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The Wheels of Commerce

by Fernand Braudel

ISBN 0060150912 / 9780060150914 / 0-06-015091-2
Publisher Harper & Row
Language English
Edition Hardcover
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Book summary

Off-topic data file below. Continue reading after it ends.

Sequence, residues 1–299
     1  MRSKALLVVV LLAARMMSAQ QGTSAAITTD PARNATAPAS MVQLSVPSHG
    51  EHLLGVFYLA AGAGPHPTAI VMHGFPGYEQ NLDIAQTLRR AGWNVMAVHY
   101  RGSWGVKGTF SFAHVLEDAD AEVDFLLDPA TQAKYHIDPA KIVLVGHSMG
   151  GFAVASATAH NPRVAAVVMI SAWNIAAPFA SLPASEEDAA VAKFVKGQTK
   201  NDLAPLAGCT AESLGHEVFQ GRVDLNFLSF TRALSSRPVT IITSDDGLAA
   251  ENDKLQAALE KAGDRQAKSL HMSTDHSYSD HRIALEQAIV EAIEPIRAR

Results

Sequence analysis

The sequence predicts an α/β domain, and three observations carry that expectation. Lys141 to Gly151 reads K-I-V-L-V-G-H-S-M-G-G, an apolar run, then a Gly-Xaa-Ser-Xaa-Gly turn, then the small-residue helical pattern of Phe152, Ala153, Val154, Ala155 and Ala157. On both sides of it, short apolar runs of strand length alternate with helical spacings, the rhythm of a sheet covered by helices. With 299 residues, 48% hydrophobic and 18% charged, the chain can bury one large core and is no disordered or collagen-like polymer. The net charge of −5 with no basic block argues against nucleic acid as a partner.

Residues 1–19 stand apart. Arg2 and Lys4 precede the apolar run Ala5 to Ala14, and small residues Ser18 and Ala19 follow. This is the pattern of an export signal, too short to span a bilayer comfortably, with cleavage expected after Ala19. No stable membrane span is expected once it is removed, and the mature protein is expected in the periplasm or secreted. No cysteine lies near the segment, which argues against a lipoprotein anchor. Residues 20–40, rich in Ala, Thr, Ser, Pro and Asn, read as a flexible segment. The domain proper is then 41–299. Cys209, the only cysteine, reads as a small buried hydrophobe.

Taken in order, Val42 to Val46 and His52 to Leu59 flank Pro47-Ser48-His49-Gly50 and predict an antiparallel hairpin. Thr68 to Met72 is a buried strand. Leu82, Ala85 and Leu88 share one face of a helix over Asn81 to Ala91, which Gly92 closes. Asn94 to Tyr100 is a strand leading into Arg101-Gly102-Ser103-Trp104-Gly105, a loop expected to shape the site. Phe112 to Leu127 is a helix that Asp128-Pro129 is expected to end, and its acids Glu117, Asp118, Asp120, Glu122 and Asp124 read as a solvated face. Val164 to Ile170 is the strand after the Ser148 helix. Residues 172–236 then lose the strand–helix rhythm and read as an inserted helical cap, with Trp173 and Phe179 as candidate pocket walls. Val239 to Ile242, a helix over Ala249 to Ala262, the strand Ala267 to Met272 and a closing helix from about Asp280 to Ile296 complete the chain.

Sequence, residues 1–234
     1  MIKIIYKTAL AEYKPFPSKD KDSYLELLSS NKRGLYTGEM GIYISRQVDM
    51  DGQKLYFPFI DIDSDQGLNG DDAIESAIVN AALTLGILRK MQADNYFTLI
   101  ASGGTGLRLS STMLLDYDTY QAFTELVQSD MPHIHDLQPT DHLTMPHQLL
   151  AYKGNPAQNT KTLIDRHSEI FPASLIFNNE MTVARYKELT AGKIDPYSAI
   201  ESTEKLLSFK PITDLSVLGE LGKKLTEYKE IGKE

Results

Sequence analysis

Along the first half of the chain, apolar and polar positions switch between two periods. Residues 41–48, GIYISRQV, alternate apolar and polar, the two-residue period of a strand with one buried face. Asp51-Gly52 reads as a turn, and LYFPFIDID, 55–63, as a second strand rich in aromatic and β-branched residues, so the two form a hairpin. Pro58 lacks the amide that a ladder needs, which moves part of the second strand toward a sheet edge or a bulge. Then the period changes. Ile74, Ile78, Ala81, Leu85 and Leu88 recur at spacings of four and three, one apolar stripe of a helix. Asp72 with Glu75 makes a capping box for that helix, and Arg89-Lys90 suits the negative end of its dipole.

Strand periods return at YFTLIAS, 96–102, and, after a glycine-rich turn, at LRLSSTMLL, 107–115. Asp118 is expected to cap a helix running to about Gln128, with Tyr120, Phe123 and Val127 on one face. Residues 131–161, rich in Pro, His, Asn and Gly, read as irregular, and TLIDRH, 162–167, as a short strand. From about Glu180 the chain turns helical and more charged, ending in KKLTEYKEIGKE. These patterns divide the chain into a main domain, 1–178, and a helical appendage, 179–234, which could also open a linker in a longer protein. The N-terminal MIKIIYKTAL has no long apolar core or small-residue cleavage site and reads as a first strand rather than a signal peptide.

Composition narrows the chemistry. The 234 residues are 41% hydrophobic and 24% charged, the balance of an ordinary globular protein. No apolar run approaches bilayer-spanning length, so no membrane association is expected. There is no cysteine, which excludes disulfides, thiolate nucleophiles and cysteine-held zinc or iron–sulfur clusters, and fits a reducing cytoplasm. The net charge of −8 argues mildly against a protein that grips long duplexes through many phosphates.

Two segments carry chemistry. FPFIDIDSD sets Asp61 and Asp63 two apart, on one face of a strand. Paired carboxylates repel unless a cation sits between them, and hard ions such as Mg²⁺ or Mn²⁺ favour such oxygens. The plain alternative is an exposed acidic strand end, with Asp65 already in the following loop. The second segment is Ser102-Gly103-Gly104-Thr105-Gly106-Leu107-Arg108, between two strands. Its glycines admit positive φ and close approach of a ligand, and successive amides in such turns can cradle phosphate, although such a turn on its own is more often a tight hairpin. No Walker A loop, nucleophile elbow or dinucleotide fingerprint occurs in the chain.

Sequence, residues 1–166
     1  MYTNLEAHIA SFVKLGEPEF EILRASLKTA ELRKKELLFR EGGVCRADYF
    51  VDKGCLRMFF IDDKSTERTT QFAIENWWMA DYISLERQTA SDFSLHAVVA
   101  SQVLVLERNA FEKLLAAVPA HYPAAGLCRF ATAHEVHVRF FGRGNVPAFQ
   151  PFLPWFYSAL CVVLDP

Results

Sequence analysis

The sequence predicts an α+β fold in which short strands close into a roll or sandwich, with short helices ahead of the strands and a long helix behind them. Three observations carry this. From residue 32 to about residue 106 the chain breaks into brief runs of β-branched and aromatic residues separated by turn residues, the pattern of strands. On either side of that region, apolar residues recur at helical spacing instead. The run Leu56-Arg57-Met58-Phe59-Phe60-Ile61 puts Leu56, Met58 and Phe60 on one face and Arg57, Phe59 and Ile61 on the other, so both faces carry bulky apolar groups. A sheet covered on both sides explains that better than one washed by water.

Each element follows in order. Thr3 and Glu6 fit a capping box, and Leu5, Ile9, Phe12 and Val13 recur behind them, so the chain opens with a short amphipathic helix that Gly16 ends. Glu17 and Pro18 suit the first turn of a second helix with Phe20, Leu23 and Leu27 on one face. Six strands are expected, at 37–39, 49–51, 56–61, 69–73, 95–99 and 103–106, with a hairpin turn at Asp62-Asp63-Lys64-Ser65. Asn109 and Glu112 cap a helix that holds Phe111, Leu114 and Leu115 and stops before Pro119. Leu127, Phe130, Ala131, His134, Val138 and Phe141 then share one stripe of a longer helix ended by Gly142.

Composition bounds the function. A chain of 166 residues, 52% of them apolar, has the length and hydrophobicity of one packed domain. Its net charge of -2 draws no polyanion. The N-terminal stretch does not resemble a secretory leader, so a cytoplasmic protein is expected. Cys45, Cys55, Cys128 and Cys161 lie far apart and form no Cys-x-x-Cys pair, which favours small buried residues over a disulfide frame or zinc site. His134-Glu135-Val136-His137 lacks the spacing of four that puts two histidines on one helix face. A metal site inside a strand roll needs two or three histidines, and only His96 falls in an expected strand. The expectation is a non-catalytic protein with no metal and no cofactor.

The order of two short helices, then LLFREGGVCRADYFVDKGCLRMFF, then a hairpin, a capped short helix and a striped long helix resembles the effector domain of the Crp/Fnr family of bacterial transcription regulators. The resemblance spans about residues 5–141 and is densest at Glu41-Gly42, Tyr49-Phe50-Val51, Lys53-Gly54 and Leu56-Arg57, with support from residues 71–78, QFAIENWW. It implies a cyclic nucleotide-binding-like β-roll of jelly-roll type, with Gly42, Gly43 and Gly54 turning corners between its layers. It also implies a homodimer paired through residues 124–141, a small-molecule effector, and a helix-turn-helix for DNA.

This is the second volume in Braudel's magnificent new three-volume social and economic history of the world from the Middle Ages to the Industrial Revolution. This is history on a grand scale yet always on the human level. Written with immediacy and realism, the book is full of personal stories and examples culled from a lifetime of research by a master who wears his erudition lightly. The preceding volume, The Structures of Everyday Life, described the material context of the preindustrial world, outlining the limitations of what was possible and identifying the means of social and economic development. In The Wheels of Commerce, now published for the first time in English, Braudel turns his attention to the markets and exchanges that, from the start, have been the real motors of change. Peddlers, merchants, fairs, market stalls, the first stock exchanges, provide the human and economic subject matter. As always, Braudel sees them in their totality and in perpetual motion. Means of travel and communication, style of life and social .mores-all are brought to life with that marvelous specificity and imaginative power which are Braudel's hallmark. Out of this world of bargaining and bustle, of risk and disaster, of enormous wealth and dizzying success, emerges the beginning of the economic world we see around us, of multi-national companies and world-wide finance. The book is profusely illustrated with contemporary prints and drawings from around the world. FERNAND BRAUDEL was born in 1902, received a degree in history in 1923, and subsequently taught in Algeria, Paris and Sao Paulo. He spent five years as a prisoner of war in Germany, during which time he wrote his grand thesis, The Mediterranean and the Mediterranean World in the Age of Philip II, which was published in 1949. In 1946 he became a member of the editorial board of Annales, the famous journal founded by Marc Bloch and Lucien Febvre, whom he succeeded at the College de France in 1949. [via]